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Robert Neubecker

As an early-career researcher, taking paternity leave felt risky

“Don’t worry,” my boss said. “No one will even notice you were gone.” I knew he was trying to calm my worries that I would inconvenience others by taking parental leave after the birth of my second child. But in some ways, deciding to take time off turned out to be more complicated the second time around. I had just started to take on leadership roles at work, and I did not want to let down my colleagues and collaborators. I feared that if I took a leave, everything would fall apart and they’d realize I never should have been trusted in the driver’s seat in the first place. Now, I had the opposite worry: “If they don’t even notice I’m gone, will they realize everything works fine without me?”

When our first child was born 4 years earlier, my wife and I lived in Japan, where paternity leave is a somewhat unusual ask. We had a long conversation about what would work best for us as professionals and as a family. My wife’s contract as a university program manager allowed 2 months of maternity leave; my contract didn’t offer any parental leave. But I knew I would regret not taking time off to be with our son. Plus, none of my work colleagues would be affected by any delays to finishing my thesis, preparing for my defense, or submitting my grant application. The decision was clear: My wife and I would both take leave before returning to work and starting our son in child care.

I was lucky to have a supportive boss who helped me adjust my contract; for 9 months, I worked 2 days a week before returning to full time. At home, life revolved around the baby, full of joy and exhaustion. Work provided a space for adult interactions and surely helped my mental health. I also quickly became more realistic and pragmatic with my time management at work—a skill that seems more important with every passing year.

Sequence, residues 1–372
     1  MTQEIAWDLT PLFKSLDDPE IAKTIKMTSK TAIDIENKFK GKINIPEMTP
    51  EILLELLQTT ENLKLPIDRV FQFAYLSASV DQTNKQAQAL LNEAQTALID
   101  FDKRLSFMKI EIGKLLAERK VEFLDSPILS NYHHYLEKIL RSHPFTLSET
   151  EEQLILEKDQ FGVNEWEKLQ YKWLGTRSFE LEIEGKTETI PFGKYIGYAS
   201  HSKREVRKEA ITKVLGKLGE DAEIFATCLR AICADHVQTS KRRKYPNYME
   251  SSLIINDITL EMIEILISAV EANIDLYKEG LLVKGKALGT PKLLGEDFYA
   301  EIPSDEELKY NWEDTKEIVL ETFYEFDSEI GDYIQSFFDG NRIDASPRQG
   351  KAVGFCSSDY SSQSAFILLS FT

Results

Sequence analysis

Over the next few years, I grew as a parent and an academic, navigating diapers and day care and moving to a postdoc position in Sweden. My new supervisors nudged me out of my comfort zone and encouraged me to step up into leadership roles, including co-leading a project with 11 colleagues scattered across six time zones and another with eight colleagues in eight different countries.

So, when my wife and I were expecting our second child in 2019, our considerations about taking leave were quite different. Sweden offers generous support for new parents, which in some ways made things easier—but at the same time, I was now responsible for collaborations that involved people I didn’t want to let down. Somewhere not-so-deep inside, I had a feeling I was about to blow my big chance. I had entered academia in my 30s and was a decade behind my peers in terms of experience. Could I afford to take more time away from work?

After much discussion with my wife and colleagues, I realized that—as much as I love science—my family comes first. My wife decided she was comfortable taking a year off from her job, and I ended up taking 8 months off over the course of a year and a half—the first 3 months after our son was born, some time over the summer when day care was closed and both kids were at home, and then 4 months after my wife went back to work.

My contract didn’t offer any parental leave. But I knew I would regret not taking time off.

I found that my fears about taking leave were mostly unfounded. Collaborators immediately stepped up to keep projects on track or bring them over the finish line. No one ever blamed me for taking time off. I missed a couple of funding calls and was left off a few papers I think maybe I should have been on, but I’m already forgetting the specifics. I don’t have any regrets—and if I’m another step behind my peers as a result, so be it.

For me, accepting that my career is secondary to my family made every other decision easier. And when I articulated that to my colleagues, they all understood and accepted my priorities. Sometimes academia is described as a hypercompetitive space in which people are pushed to the extremes to succeed. But the support and generosity of my colleagues and collaborators has taught me it can also be a kind space, and this is something to foster and treasure.

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